China posts slowest annual economic growth in 25 years

China registers weakest growth in 25 years

Amid global market jitters, China has posted its weakest annual economic growth in a quarter century.

Gross domestic product expanded by 6.9% in 2015, China's National Bureau of Statistics said Tuesday. That's in line with the median estimate from economists surveyed by CNNMoney.

The growth rate is a far cry from China's spectacular expansion in recent decades, but it broadly matches the government's 7% target.

For the fourth quarter of 2015, the economy grew 6.8%, compared with the same period a year earlier. That's a touch below economists' estimate of 6.9% and the slowest rate since the dark days of the financial crisis in 2009.

After years of torrid expansion, the world's second-largest economy is now decelerating. The government is trying to shift the growth engine away from manufacturing and debt-fueled investment toward the services sector and consumer spending.

Uncertainty over the outlook for the Chinese economy, a key driver of global growth, has roiled international markets lately. China isn't buying as many commodities as it once did, and the world is awash with oil -- hurting exporters. The country's currency, the yuan, has fallen against the dollar.

But the growth data released Tuesday didn't appear to trouble investors. The Shanghai Composite was broadly flat in morning trade and later rallied to close up 3.2%. The Hang Seng in Hong Kong gained 2.1%.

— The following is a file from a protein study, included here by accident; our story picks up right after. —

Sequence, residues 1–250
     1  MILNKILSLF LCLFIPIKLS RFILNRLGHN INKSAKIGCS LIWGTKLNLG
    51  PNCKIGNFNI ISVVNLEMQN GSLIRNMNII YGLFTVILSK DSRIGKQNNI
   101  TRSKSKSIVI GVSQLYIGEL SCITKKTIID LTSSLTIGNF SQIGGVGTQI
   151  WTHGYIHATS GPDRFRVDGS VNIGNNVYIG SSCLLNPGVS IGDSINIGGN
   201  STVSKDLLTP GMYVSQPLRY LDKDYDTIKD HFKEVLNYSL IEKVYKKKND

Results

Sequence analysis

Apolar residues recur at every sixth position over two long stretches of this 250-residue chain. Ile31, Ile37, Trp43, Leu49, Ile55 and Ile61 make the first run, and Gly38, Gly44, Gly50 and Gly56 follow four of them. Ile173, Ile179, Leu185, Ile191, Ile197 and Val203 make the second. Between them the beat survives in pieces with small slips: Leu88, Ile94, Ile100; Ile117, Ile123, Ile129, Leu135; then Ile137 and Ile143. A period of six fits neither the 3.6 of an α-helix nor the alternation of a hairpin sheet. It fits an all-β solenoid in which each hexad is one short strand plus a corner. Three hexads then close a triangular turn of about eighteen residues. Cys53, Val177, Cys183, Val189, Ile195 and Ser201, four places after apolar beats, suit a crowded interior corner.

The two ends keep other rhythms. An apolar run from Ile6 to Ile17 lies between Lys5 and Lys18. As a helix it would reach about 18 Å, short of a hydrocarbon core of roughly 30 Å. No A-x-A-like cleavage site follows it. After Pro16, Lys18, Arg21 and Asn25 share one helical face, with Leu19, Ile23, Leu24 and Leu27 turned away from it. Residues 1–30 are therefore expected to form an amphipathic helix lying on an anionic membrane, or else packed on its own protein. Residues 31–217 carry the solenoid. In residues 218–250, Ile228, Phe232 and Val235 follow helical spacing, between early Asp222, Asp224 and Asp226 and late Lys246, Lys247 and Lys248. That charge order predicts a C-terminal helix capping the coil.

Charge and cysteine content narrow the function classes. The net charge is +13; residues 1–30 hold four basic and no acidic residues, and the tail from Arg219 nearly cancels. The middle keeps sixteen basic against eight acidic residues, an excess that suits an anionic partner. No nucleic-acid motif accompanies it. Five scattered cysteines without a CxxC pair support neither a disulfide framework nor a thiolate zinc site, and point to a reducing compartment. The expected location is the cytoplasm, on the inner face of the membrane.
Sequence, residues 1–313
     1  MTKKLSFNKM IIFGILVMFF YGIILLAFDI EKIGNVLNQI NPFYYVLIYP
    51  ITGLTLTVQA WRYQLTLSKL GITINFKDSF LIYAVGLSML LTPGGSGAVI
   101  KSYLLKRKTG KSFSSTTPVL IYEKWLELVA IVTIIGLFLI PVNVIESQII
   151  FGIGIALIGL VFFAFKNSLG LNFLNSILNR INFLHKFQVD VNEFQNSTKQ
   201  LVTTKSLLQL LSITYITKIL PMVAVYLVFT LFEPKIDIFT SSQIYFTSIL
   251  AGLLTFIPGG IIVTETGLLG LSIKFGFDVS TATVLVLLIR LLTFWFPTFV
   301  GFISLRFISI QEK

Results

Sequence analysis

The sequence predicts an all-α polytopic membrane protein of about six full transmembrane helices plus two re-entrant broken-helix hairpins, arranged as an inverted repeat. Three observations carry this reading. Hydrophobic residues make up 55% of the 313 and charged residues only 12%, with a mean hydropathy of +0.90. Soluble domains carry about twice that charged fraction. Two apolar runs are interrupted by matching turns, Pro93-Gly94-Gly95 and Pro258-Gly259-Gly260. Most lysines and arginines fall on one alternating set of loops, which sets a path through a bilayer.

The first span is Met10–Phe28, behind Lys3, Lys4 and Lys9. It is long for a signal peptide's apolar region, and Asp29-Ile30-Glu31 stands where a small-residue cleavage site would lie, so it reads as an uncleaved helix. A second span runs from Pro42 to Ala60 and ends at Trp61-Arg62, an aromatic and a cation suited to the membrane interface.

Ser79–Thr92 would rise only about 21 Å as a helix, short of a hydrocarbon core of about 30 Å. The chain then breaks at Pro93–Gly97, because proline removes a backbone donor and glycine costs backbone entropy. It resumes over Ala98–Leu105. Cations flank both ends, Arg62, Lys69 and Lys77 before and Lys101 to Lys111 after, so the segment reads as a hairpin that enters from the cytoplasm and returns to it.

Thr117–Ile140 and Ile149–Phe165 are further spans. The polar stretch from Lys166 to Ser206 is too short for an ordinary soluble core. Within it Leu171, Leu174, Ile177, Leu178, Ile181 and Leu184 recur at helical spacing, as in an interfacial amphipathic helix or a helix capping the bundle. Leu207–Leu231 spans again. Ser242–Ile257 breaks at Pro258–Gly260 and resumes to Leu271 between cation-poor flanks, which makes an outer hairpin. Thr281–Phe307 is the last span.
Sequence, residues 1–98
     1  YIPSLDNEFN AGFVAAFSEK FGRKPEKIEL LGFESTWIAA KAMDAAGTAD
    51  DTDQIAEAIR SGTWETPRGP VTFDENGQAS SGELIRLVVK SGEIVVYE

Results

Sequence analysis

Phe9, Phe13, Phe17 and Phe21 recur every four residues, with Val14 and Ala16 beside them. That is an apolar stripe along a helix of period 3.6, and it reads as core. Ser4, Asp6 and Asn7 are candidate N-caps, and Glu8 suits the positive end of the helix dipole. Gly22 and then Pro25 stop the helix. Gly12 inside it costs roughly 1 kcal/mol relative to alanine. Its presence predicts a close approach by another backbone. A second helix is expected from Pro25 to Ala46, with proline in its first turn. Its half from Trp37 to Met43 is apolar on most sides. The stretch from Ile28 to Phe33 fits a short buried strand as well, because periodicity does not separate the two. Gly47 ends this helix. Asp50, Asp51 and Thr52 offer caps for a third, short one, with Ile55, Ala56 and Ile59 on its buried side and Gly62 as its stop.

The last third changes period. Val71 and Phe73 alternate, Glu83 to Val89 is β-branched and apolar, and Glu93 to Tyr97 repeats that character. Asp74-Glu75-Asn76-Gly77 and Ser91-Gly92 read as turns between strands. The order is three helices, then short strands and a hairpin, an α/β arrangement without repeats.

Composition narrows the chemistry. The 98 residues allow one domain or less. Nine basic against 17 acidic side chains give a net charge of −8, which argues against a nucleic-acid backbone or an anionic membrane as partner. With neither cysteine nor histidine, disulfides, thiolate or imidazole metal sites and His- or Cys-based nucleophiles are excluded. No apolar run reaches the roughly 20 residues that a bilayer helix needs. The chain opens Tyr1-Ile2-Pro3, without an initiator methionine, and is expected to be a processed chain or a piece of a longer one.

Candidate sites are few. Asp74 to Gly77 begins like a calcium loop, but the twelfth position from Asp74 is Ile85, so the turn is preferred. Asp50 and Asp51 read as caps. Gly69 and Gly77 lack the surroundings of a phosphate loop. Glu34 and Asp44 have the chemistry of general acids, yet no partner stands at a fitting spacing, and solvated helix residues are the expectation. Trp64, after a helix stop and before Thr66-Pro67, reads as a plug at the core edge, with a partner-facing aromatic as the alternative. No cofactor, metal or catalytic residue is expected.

Related: Is China cooking its books?

Some observers doubt the accuracy of China's GDP numbers, arguing they are massaged by government officials. Instead, they look at statistics including electricity consumption, railway freight volume and bank loans to gauge growth.

"China's ability to continue to post such rapid and relatively stable growth, even as it has increasingly become a source of volatility in global equity and commodity markets, will undoubtedly attract a great deal of skepticism," said Julian Evans-Pritchard of Capital Economics.

Instead of 6.8%, Evans-Pritchard estimates growth in the fourth quarter was in reality closer to 4.5% -- but stable.

"We still think concerns about China's outlook are overdone and that the recent market volatility has been driven more by sentiment than by economic fundamentals," he said.

Related: China's stock watchdog admits market's problems

China's official growth numbers are expected to slow further in the coming years, a situation President Xi Jinping has dubbed "the new normal."

For 2016, economists are forecasting growth of 6.5%, according to the CNNMoney survey. That's the rate top Chinese officials say is needed to reach the government's goal of doubling the economy from 2010 levels to $12 trillion by 2020.

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